Monograms in one way or another seem to always be in style. Machine embroidery has created loads of monogramming possibilities for makers, but what if you don’t have that function on your machine? I’m here to inspire you to use fabrics and make Simple, Fun Applique Monograms on your regular sewing machine instead!
Cindy of the Skip to My Lou blog put together a lovely, clear tutorial for Applique Monograms that includes downloadable PDFs for all 26 letters. Each PDF includes both upper and lower case versions of the letter so you have every letter you’ll need. You can re-size the letters on your computer before printing or take them to your local copy center and ask for help there. Either way, you can create letters to suit your project!
You’ll need your printed PDF(s), fabric, a piece of clothing or tote bag for the background, the fabric you want to use for the monogram and fusible web. Cindy recommends Lightweight Heat ‘n Bond Lite so that the Applique Monogram doesn’t become stiff. The lightweight fusible web stabilizes, but leaves your monogram flexible.
The monogram shown in Cindy’s sample was fused to a purchased tote, then top stitched with a straight stitch about 1/8” from the edges. This leaves the edges raw, so she recommends finishing your Applique Monogram with Fray Check. Such a wonderful product! If you don’t already have this in your supplies, you’ll love it and wonder how you got along without it.
Using the PDF template you downloaded, you’ll trace your letter onto the paper side of your fusible web. Be sure to trace it in reverse so that it will be facing the right direction when you iron it onto your fabric. If you get it wrong, you’ll know right away once it’s cut from the fabric. Don’t worry – you’ve learned something and just a little more fabric will rescue your project with no problem!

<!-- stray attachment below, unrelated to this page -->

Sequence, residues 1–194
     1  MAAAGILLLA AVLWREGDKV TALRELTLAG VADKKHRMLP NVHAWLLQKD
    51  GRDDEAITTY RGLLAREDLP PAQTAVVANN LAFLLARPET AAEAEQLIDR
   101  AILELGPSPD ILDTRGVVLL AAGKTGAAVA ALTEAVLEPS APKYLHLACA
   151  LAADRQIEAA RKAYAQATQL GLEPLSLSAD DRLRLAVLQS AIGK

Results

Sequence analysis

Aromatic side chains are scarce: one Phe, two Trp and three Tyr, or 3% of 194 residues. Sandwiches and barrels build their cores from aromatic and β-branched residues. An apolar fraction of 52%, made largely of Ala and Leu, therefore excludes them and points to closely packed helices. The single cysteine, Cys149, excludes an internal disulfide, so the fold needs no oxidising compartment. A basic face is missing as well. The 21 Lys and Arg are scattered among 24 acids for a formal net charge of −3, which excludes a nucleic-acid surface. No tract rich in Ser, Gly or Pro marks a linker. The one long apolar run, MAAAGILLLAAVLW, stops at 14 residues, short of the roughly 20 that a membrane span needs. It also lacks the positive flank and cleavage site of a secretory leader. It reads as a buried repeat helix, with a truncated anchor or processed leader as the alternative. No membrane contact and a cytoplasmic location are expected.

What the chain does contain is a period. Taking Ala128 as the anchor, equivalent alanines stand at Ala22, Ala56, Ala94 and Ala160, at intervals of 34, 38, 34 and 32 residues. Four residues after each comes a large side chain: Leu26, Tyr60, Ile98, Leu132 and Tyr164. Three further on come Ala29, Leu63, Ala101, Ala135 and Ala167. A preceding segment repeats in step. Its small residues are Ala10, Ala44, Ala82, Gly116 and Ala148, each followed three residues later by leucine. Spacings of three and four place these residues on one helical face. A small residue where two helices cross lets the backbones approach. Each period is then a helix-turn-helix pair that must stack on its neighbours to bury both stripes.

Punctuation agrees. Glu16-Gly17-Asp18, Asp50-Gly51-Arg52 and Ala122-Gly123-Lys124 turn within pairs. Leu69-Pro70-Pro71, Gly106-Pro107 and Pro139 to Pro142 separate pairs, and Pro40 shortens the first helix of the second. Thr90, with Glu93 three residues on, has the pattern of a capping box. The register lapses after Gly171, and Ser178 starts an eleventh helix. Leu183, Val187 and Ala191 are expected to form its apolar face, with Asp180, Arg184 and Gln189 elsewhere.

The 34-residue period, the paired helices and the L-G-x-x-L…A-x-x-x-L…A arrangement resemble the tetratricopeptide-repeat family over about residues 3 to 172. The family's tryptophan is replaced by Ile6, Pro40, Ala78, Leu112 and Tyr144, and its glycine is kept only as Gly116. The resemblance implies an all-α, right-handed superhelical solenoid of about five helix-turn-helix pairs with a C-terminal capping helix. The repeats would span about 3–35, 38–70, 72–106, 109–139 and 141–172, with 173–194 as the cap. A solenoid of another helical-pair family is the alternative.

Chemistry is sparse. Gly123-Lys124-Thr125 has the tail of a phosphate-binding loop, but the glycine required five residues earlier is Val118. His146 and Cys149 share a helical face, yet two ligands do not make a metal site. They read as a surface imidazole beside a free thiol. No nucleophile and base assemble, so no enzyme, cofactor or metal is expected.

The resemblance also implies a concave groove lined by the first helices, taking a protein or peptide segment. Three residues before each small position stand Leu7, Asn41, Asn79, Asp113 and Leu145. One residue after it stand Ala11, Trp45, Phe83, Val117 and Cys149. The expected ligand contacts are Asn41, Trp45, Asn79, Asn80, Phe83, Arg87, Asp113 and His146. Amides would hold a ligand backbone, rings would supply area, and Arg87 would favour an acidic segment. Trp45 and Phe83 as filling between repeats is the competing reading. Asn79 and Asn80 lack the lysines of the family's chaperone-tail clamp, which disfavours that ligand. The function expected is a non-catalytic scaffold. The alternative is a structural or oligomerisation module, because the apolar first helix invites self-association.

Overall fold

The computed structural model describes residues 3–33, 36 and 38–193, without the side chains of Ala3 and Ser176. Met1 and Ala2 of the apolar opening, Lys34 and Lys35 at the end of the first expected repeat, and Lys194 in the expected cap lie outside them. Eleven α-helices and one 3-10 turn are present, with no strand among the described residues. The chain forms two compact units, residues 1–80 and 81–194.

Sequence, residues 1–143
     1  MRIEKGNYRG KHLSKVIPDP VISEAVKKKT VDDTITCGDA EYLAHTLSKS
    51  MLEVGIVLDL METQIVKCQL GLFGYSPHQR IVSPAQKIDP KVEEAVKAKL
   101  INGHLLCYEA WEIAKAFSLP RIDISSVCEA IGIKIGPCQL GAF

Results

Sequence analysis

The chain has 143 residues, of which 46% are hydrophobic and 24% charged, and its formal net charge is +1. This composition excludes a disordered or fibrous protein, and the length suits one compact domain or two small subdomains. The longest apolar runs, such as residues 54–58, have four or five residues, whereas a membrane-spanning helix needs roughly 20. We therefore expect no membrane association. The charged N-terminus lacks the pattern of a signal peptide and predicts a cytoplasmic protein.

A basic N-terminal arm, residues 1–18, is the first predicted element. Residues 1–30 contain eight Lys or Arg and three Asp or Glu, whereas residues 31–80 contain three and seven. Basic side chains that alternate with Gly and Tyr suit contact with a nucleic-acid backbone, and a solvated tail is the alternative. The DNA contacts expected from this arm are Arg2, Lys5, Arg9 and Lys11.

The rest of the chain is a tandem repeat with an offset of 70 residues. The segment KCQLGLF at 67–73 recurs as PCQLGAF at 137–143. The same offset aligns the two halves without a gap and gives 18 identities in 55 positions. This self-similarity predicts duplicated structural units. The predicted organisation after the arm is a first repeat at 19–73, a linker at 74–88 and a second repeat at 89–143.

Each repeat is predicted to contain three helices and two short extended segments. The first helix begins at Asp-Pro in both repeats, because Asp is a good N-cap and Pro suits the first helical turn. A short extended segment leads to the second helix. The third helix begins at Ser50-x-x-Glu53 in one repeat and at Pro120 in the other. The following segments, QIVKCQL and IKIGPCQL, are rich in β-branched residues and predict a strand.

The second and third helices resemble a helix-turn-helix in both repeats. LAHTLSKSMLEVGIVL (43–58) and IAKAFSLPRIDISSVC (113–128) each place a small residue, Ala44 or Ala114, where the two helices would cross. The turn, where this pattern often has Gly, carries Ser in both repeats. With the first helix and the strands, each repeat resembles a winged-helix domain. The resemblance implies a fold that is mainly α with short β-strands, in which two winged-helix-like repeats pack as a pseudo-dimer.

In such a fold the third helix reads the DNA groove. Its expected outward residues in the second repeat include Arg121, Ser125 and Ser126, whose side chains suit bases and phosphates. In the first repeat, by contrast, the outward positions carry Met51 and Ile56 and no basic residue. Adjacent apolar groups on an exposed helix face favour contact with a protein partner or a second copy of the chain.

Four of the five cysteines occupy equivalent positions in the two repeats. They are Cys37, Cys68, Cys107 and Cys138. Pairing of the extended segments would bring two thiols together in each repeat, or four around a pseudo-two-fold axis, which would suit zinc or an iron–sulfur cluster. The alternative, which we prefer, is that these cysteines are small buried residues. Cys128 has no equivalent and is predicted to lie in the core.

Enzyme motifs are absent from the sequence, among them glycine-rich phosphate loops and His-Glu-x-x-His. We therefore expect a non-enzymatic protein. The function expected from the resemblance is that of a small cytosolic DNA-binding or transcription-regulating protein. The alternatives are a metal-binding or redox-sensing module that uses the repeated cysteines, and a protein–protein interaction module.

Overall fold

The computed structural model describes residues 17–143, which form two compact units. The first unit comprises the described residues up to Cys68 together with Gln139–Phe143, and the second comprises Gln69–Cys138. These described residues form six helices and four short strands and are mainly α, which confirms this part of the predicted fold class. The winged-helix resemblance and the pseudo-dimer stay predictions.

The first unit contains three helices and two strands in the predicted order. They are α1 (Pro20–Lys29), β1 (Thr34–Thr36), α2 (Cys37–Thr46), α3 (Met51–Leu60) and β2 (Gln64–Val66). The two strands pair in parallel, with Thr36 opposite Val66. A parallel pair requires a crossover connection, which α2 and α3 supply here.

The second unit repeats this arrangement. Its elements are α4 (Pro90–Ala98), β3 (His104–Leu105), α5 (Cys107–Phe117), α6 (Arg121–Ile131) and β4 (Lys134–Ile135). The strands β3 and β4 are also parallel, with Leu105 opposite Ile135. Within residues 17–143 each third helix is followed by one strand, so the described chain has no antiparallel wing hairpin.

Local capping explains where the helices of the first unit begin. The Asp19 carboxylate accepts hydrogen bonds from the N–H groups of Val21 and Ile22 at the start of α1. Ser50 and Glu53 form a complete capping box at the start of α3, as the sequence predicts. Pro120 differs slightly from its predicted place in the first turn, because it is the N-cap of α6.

Cindy’s straight stitching looks super and would be easy to do, but even if you have just a basic sewing machine, you probably have decorative stitches you could use. Make a little sample of a shape with curves so you can try out several stitches and see which stitch, width and length you want to use. Stars? Scallops? Waves? Or just a zig-zag? Be sure to save and label your sample so you’ll have it for future reference.
Click here for Cindy’s easy tutorial. She’s included a link for a crayon roll tutorial that could have an Applique Monogram added to it. A tote and a roll would be great for a child, but now that adult coloring books are popular, the roll would be perfect for colored pencils or markers for a grown-up, too.
So, now that you know making Applique Monograms is easy, what else could you do? I found two other tutorials for you so you can put your new skill to good use!
On the Style With Wisdom blog, I found this gorgeous Applique Monogram pillow that uses a machine stitched feather stitch around the edge. The letters are a different font (type style) than the letters Cindy provides. It should be fairly easy to find letters you can print and use online. Just cut around the printed letters and use them as instructed in Cindy’s tutorial. Click here to see more about this pillow.
Boys!! Aren’t they just charming?! I found these engaging fellows on the Jones Design Company blog along with instructions on creating their Applique Monograms. Click here to learn more.
That’s enough to get you started! Soon you’ll be stitching Applique Monograms on everything you find. Pillows, totes, tees, blankets, pajamas, jackets – anything with a blank space will become the ideal background for a monogram when you’re viewing it with your creative eye. No stopping you now – you’ll soon be known as an Applique Monogram pro!
About the Author
Annette Millard began sewing at the age of three, made her first dress at ten and is always happiest with needle, fabric and thread in her hands. Annette feels very privileged to have spent most of her work life in the sewing industry and loves teaching, making her own handmade wardrobe and writing about sewing. She spent over ten years as the newsletter and web site content writer for the Pacific Northwest's largest locally-owned family of fabric stores and is now thrilled to have the opportunity to share her passion for sewing with the Sewing Secrets community. Follow Annette and more of her sewing adventures on her own blog, www.sewfullife.com.